What Is Water Fasting and Is It Beneficial?

Benefits and Dangers

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Photo by Jong Marshes on Unsplash 

 

Fasting is the method of restricting food and liquid for religious or spiritual reasons, for losing weight, detoxification, and other reasons. But what exactly is water fasting? Water fasting, true to its name, is a type of fasting that restricts ingesting anything other than water. Is water fasting good for you? If so, what are the benefits?

Let’s take a closer look at the reasons why more and more people are choosing this method of fasting:

Benefits and Dangers

Not everyone should attempt a water fast. There is some research pointing to the fact that water fasting may be beneficial for some chronic diseases and to promote autophagy, a process of cell recycling. However, it may come with certain risks and, consequently, is not suitable for everybody. For a more holistic approach to health care and disease prevention, visit Energetic Lifestyle for more tips on healthy living.

 

May Promote Autophagy

Modern day health-conscious people are taking to water fasting as it is known to promote autophagy. Autophagy is a process of cell recycling that takes place within our bodies, where old cells are broken down and recycled. It is believed that autophagy can play a role in preventing cancer, Alzheimer’s, and heart disease.

However, the exact link between water fasting and autophagy is too unclear to say there is a connection with exact certainty.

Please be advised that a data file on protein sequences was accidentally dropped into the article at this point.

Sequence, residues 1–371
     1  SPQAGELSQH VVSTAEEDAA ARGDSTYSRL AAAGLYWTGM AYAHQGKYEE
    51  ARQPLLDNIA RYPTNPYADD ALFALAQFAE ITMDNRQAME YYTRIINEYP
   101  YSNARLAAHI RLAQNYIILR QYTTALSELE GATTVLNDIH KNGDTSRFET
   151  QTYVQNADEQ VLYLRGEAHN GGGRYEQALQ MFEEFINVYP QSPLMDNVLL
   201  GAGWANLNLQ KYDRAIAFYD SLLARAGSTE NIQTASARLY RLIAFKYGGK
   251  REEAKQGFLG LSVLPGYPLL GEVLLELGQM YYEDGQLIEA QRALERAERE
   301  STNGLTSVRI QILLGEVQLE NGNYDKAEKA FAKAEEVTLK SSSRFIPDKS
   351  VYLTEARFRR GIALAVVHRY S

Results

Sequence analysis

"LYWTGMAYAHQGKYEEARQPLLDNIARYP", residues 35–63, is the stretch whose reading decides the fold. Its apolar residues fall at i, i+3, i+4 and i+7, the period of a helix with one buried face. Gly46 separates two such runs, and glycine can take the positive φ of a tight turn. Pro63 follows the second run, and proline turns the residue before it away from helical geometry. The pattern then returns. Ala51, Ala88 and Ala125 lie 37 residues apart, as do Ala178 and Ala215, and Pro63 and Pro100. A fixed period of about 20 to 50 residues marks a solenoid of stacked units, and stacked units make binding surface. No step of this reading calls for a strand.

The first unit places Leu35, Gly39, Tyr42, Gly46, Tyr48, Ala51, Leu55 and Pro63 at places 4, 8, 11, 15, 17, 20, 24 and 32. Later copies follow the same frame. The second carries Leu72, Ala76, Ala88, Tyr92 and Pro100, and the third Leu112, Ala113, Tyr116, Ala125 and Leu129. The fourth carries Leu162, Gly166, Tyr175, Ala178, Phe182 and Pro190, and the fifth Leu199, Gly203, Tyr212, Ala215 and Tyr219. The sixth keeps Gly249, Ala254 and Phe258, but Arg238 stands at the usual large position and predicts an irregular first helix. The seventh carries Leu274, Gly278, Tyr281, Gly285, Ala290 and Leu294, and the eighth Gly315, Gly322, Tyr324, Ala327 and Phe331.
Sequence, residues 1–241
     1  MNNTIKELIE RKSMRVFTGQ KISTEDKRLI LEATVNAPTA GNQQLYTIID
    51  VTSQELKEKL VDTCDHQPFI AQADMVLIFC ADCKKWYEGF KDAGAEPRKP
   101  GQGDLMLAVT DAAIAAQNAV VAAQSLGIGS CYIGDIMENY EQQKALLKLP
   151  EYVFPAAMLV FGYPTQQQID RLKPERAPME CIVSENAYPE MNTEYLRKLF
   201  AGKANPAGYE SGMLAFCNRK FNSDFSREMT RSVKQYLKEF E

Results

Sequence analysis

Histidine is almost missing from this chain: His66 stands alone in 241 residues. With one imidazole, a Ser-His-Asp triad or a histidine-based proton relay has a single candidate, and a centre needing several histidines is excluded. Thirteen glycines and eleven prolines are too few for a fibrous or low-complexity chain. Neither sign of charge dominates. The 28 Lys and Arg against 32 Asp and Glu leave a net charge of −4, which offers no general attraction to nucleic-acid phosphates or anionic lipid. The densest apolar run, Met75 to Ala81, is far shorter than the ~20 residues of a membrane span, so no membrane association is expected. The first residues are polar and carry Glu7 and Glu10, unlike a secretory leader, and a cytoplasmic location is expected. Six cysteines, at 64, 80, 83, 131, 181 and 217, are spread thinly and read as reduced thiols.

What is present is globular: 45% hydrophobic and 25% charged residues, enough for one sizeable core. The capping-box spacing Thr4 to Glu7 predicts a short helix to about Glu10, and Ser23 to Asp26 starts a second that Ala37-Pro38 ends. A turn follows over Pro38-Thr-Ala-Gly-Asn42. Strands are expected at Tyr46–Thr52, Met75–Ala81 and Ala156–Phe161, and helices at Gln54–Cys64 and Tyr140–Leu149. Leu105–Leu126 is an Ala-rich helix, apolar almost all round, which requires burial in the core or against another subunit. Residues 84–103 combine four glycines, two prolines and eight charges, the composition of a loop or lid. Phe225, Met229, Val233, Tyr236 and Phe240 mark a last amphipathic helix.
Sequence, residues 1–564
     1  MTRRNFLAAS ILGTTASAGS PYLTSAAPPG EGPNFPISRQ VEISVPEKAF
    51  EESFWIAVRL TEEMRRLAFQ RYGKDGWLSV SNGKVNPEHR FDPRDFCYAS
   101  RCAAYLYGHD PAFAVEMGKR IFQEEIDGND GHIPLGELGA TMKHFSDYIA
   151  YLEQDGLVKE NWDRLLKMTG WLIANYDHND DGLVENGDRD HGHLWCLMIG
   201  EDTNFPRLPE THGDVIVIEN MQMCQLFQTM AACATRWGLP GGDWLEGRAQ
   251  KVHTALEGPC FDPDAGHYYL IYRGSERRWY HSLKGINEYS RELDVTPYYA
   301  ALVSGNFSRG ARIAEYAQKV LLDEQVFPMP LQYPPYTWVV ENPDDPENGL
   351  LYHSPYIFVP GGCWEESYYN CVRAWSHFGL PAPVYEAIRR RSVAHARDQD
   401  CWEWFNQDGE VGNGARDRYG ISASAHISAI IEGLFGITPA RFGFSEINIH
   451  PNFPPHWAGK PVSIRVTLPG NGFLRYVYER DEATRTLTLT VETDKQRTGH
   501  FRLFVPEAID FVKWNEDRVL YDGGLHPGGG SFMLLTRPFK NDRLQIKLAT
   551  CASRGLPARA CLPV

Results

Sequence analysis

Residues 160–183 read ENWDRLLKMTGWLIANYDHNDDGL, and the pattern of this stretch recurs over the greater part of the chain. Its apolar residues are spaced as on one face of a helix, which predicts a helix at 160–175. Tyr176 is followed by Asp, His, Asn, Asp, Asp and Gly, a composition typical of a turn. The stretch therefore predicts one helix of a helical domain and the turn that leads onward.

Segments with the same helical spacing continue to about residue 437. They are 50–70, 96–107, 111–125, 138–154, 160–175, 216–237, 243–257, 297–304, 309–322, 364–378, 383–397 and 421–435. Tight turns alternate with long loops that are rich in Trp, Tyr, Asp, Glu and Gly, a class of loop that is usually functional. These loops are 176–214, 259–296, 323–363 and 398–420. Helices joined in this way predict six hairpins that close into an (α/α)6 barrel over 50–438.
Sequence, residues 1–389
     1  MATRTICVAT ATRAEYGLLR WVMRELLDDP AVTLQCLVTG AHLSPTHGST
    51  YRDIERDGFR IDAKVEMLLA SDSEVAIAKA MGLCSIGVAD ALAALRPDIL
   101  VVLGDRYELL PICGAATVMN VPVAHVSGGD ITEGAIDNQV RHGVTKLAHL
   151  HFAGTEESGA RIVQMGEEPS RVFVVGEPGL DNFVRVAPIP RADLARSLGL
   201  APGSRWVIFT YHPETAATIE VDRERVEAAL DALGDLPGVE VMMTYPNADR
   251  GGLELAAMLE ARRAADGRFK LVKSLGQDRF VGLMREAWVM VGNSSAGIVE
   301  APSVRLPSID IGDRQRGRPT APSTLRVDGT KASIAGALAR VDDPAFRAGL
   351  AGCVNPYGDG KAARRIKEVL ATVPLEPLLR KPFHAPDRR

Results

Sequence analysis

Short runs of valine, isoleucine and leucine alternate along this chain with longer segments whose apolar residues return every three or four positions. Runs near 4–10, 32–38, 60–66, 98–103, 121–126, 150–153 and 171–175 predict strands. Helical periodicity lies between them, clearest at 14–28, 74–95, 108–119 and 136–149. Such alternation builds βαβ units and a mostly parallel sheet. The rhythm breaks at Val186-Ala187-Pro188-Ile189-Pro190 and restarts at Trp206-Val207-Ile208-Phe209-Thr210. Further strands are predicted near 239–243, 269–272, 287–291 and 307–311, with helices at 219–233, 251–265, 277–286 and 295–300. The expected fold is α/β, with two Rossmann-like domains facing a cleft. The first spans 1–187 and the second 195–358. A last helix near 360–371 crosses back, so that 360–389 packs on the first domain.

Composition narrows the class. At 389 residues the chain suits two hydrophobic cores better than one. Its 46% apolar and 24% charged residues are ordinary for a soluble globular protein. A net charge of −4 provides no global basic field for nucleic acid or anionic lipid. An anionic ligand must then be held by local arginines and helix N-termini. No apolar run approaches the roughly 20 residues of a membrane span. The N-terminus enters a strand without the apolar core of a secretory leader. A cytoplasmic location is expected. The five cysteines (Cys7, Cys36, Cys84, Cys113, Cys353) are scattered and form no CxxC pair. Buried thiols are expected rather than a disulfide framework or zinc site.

How Long Should a Water Fast Last?

Water fasts can last anywhere from 24 hours to 10 days or more. It is prudent to spend the days before fasting getting your body and mind ready for the fast by slowly reducing your portion sizes and eating energy-rich food. People new to fasting should not attempt prolonged periods of fasting due to the associated risks.

Most people drink between 2 to 3 liters of water a day while water fasting. Drinking more than this can be dangerous. It’s worth bearing in mind, however, that you will have to drink more water than usual, as most people get up to 20% of their water intake from food.

 

Post-Fast

It’s important to have a bumper period on the tail end of your fasting period, gently reintroducing your system to solid foods. Eating a large meal straight away may lead to discomfort and digestive distress. Instead, break your fast with smaller meals such as smoothies, for example, until you feel more comfortable and ready to introduce larger meals.

You should resume normal eating habits after a few days of having finished your fast. Be careful not to rush this process and risk digestive discomfort, or worse. 

Who Should Not Fast?

People should not fast who:

  • Are pregnant or breastfeeding
  • Are underweight
  • Have an eating disorder
  • Are taking specific medication
  • Have type 1 diabetes
  • Have uncontrolled migraines 
  • Are not sure if they are ready or if water fasting would be good for them.

 

The Bottom Line

Fasting has been around for millennia. People have fasted for religious and spiritual reasons, including the Muslim, Hindu, and Jain faiths, as well as many others for time immemorial. Fasting for health purposes is a relatively new phenomenon and, as such, there are limited amounts of research on it. 

However, studies have shown that water fasting can promote autophagy, the process by which cells self-recycle. This is known to prevent the growth of cancer and be beneficial to preventing a whole set of chronic diseases. It can also help with weight loss in the short term.

A water fast usually lasts anywhere from 24 hours onwards. Those unsure about fasting who suffer from any conditions including eating disorders, diabetes, uncontrolled migraines, are pregnant or breastfeeding, or are taking any specific medication should not undertake a water fast. Always consult with your doctor before beginning any new health regimen.

 

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